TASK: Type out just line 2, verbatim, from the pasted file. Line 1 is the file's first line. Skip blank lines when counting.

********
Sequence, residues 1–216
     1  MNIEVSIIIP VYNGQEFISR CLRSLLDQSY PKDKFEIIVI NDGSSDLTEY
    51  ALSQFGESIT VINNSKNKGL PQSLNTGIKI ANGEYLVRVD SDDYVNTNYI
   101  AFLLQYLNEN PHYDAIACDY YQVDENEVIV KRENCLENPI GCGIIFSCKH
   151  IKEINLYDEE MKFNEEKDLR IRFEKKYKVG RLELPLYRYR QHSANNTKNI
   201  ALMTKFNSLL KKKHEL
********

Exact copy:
     1  MNIEVSIIIP VYNGQEFISR CLRSLLDQSY PKDKFEIIVI NDGSSDLTEY